The bright burn

by Jennifer Jerome

Lake Vermilion, cold night sky
caught in its clear net. You call
the stars out by their true names,
summon the Milky Way: a slim twist
of cloud, over a thousand thousand
stars. Dizzying. I huddle down
on the dock and breathe in
hard, palms riding the rough
wood, fingertips digging
into the one solid thing I know
until your gentle arm backs me.

We watch and watch until
even our bones are glazed
with starlight and wind. You catch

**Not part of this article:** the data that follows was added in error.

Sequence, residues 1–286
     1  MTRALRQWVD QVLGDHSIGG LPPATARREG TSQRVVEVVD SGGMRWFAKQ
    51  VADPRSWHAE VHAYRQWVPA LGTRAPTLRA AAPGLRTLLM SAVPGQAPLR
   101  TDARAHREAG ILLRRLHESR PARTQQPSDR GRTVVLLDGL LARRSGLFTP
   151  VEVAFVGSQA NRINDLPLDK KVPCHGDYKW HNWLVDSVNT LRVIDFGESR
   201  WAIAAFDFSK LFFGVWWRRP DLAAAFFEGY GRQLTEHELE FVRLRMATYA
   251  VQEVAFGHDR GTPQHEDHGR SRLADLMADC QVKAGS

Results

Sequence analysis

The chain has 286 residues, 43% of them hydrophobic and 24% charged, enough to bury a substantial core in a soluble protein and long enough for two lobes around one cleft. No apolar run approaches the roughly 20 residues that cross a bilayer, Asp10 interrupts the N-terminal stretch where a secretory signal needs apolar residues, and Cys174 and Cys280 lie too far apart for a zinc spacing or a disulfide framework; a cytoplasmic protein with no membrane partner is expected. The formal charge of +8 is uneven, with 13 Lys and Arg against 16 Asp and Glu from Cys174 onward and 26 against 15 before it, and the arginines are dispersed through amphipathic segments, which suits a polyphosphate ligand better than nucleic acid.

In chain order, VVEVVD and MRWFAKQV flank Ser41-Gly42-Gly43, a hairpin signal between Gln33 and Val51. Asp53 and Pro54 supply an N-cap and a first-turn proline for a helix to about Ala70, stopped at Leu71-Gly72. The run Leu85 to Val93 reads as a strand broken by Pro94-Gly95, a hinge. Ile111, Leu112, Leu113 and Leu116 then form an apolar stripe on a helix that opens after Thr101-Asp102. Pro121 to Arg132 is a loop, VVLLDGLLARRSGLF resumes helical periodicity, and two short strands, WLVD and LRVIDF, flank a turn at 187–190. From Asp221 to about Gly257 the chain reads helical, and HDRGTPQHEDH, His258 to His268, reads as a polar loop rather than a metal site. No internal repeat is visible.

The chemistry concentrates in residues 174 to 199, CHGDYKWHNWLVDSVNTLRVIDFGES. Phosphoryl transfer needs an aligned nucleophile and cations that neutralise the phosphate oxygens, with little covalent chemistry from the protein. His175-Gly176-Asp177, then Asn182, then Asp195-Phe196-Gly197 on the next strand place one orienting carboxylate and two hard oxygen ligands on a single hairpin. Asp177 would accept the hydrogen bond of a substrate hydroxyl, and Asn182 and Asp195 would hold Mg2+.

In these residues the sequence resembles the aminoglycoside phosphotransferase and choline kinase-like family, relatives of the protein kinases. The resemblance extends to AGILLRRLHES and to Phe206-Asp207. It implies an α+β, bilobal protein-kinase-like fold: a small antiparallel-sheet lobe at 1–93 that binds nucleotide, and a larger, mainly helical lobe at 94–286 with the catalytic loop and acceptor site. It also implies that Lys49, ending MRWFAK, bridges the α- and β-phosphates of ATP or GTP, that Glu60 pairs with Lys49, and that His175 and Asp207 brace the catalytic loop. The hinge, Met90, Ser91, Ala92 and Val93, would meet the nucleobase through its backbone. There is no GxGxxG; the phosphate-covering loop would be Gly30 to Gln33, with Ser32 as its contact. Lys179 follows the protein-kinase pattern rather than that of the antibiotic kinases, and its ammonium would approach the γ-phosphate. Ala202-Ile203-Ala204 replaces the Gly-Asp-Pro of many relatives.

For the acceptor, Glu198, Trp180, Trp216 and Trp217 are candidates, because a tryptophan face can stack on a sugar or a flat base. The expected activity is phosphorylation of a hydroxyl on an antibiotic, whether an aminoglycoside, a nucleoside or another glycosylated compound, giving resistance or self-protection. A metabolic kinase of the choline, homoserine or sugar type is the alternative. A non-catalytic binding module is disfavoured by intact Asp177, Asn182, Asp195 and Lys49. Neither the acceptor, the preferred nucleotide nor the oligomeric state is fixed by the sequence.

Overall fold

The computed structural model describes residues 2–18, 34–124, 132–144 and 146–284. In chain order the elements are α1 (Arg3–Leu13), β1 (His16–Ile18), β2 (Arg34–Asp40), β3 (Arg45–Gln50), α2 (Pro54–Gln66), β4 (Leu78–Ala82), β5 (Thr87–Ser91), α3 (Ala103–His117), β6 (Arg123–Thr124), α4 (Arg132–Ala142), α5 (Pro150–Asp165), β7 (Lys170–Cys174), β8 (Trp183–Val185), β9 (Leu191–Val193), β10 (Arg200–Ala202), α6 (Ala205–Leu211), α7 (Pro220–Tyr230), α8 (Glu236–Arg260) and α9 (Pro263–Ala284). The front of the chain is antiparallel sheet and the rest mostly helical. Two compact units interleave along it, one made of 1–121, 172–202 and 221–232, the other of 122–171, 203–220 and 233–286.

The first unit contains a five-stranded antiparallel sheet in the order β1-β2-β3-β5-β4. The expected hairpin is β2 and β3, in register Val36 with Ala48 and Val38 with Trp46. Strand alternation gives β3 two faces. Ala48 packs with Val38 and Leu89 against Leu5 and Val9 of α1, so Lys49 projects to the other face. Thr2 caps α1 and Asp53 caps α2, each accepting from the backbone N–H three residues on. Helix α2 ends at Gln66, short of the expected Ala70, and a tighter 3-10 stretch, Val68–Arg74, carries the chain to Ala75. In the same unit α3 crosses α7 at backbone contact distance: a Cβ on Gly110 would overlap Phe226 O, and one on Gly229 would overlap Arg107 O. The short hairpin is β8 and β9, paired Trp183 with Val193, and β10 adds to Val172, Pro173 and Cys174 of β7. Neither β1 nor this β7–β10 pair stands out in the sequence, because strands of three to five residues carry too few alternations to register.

my hand in yours; we stumble
back to the cabin. The dark
rooms swallow us up, the generator
exhausted hours before. Our eyes still
see the bright burn on lush black,
starred water stretching out to trees
shortened by distance and glimmer.

Copyright © 2005, Jennifer Jerome

Milky Way over a lake: photograph by Lorenzo Comolli

Copyright © 2004, Lorenzo Comolli

Jennifer Jerome is a native New Yorker. When she was little, she wanted to eat the moon. She is still hungry. Her work previously appeared in Astropoetica and is forthcoming in The Pedestal Magazine, The Comstock Review, Poetry Motel, Chiaroscuro, sidereality, and Aoife's Kiss.

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